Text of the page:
Like nearly all of us, novelist and poet Daisy Lafarge was unable to travel in spring 2020. But a new microscope afforded her a view of another world: that of the miniature creatures living in drops of pond water. Her visits to this alternative universe became an escapist ritual during a period of enforced isolation.
Before all this, the 2020 of my mind was filled with travel and vegetating animals. It was the last year I would have access to the small grant that came with my PhD, the compromising kind where you pay up front and invoice later, to be used strictly for travel costs incurred for research. My plans included visiting the Station biologique de Roscoff in Brittany, where I had hopes of seeing Symsagittifera roscoffensis, a species of tidal flatworm that spends its time moonlighting as seaweed on sandy Atlantic beaches.
S. roscoffensis, also known as the Roscoff worm or mint-sauce worm, was of interest to late-19th-century biologists, who observed that the tiny, bright green worms appeared to be filled with a chlorophyll-like substance. But that couldn’t be right, they thought, because Plantae formed one branch of life, and Animalia another; animals don’t photosynthesise.
Not until Scottish polymath Patrick Geddes – then stationed in Roscoff as a 24-year-old student of marine biology – discovered that, actually, some do. He noted that the abundance of worm colonies in shallow pools during fine weather was “very striking”, and through a series of experiments was able to determine that the Roscoff worms did indeed photosynthesise, and concluded that they “may not unfairly be called Vegetating Animals”.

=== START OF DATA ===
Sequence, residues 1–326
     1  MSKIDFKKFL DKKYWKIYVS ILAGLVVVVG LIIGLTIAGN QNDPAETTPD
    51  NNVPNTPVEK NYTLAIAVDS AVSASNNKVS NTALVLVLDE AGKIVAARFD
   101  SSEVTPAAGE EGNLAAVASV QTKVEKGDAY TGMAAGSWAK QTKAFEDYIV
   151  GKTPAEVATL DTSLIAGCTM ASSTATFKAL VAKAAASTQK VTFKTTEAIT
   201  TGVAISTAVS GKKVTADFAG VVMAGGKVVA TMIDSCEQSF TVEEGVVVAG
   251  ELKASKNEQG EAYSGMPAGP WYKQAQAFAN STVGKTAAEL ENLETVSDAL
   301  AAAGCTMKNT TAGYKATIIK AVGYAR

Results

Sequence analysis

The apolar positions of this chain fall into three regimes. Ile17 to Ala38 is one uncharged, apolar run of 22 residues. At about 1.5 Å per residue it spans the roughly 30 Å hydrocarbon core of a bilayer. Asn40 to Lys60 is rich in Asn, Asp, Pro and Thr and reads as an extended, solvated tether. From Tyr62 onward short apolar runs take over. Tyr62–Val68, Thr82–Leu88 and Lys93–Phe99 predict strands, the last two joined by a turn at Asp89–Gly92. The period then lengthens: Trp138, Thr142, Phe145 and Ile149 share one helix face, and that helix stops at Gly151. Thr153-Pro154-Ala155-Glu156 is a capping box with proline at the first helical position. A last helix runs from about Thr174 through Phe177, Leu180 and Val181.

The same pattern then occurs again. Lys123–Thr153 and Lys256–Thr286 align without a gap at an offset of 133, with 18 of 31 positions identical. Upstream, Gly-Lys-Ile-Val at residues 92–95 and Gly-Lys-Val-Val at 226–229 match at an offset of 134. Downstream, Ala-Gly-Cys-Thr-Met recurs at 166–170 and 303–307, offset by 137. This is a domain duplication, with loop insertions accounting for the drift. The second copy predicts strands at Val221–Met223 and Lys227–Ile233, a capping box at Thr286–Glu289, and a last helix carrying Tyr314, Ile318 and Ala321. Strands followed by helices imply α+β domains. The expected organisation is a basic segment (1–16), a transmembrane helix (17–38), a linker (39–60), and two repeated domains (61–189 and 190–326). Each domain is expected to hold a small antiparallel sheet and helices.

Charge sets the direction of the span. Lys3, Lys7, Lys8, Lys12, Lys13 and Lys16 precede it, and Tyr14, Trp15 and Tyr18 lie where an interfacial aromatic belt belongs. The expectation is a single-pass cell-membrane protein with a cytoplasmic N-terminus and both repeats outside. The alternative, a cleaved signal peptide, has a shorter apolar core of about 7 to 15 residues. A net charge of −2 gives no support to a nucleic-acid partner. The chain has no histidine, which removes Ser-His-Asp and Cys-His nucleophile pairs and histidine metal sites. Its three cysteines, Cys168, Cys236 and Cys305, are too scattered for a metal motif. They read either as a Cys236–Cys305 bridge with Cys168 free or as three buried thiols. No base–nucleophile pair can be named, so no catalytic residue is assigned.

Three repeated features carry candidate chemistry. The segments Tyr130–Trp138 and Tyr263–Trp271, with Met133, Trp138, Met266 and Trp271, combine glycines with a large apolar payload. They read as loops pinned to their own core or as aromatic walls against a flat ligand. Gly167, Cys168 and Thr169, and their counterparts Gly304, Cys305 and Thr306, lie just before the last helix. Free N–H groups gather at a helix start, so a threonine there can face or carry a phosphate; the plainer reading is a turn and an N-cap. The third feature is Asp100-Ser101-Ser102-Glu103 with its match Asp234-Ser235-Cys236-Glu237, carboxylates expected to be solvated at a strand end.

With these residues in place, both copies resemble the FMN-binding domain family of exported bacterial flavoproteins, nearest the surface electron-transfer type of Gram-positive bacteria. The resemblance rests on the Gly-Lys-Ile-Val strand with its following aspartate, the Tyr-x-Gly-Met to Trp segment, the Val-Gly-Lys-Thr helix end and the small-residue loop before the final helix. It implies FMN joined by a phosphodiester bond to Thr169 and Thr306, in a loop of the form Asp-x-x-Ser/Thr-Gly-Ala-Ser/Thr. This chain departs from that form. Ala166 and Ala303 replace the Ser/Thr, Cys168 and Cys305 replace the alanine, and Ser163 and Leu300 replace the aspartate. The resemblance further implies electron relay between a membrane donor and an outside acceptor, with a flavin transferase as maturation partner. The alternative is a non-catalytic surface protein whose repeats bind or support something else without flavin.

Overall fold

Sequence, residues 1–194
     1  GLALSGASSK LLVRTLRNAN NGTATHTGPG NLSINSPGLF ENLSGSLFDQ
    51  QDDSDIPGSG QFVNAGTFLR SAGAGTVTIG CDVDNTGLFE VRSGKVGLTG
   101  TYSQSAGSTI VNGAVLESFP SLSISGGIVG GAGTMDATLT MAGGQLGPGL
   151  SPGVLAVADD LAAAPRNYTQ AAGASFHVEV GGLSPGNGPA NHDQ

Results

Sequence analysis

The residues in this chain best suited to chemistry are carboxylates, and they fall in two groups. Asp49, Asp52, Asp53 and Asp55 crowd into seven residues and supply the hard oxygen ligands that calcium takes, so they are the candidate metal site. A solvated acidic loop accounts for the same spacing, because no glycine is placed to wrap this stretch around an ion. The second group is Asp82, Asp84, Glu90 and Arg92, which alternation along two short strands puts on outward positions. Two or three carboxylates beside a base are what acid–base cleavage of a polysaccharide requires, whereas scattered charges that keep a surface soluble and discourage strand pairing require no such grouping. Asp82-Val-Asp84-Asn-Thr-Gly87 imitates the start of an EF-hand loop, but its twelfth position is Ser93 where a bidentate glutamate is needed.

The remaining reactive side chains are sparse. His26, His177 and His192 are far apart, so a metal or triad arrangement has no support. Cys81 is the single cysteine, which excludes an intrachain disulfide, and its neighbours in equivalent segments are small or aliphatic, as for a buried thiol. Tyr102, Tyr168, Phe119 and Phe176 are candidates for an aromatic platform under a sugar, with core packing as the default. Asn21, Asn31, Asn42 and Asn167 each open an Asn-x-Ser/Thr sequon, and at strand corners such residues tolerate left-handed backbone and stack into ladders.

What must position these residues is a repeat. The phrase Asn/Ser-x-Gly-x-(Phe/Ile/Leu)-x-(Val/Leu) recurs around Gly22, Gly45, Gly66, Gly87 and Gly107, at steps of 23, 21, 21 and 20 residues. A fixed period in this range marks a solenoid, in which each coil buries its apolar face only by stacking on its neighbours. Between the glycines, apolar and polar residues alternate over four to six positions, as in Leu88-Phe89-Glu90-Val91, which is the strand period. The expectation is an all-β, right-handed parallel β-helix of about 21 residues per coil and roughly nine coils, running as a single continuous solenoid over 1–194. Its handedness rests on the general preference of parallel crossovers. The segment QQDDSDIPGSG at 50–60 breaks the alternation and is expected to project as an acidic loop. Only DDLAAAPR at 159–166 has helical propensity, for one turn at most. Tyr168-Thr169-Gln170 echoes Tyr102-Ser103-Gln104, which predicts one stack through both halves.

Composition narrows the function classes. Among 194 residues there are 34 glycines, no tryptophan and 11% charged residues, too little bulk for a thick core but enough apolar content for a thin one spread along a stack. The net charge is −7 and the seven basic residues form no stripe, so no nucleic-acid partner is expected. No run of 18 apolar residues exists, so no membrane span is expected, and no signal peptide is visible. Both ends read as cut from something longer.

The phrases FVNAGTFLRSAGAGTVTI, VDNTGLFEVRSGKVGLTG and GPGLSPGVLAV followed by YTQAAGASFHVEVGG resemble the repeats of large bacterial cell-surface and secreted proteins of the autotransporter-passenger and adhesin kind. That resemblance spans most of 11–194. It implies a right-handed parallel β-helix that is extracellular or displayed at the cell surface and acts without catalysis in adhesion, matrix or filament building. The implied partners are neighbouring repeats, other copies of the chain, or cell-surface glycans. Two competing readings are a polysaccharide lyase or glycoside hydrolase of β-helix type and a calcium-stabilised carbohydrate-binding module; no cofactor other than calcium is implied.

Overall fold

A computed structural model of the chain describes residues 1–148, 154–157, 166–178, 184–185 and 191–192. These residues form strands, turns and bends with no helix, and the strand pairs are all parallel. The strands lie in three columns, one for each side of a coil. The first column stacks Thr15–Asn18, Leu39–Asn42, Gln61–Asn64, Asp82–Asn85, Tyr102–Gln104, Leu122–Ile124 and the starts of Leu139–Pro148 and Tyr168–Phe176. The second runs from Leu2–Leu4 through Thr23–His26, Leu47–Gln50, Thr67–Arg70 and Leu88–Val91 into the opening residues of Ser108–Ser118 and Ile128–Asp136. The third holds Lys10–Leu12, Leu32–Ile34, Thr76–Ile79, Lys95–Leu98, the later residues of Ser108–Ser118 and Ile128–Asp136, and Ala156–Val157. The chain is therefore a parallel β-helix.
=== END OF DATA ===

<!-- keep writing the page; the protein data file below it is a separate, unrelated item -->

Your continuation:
I’d hoped to spend a few days of spring 2020 with these vegetal animals myself, but as March turned into April, all these plans were pushed into the anxious, indeterminate future. A novel pathogen was circulating, and during those early days in the epidemiological dark, intense scrutiny of unseen, microorganic life was becoming a fraught part of day-to-day existence.
There was plenty of cause for paranoia in my personal life, too, and somehow, in the midst of all this, I thought it would be a good idea to get a microscope. I couldn’t get to the Roscoff worms, but maybe, I thought, I could find an approximation closer to home.
A living stained-glass window
A month or so into the first lockdown I used the travel grant (with some persuasion) to purchase a beginner’s microscope – “perfect for kids and students”, as the online description put it. On my government-sanctioned daily walks to nearby city parks and woodland, I collected water from ponds, pools, bodies of stagnant water, puddles in the cavities of tree trunks.
This new-found attention to water – its places and qualities – became a ritual in itself, affording me a rhythm and focus outside of my thoughts and fears. The next stage of the ritual took place at my kitchen table, where my microscope was set up. I would begin by placing a drop of water on a glass slide, and soon lose myself to hours of enraptured observation, witnessing life – which seemed oblivious to the world raging around it – unfold on the slide.
The pond-water samples were my favourite – each drop was a living stained-glass window, an impossibly wrought lattice of green and gold. Slowly I began to identify what I was looking at: the gliding thumbprint bodies of flatworms, coils of filamentous green algae, fanged insect larvae and crystalline diatoms.
In one fortuitous sample from a swampy part of my local woods, where the red soil is staked with field horsetail and the shallow water capped with a mercury-like meniscus, I found tangles of Vorticella, bell-shaped ciliates whose glitchy movements rank them among the fastest-moving organisms.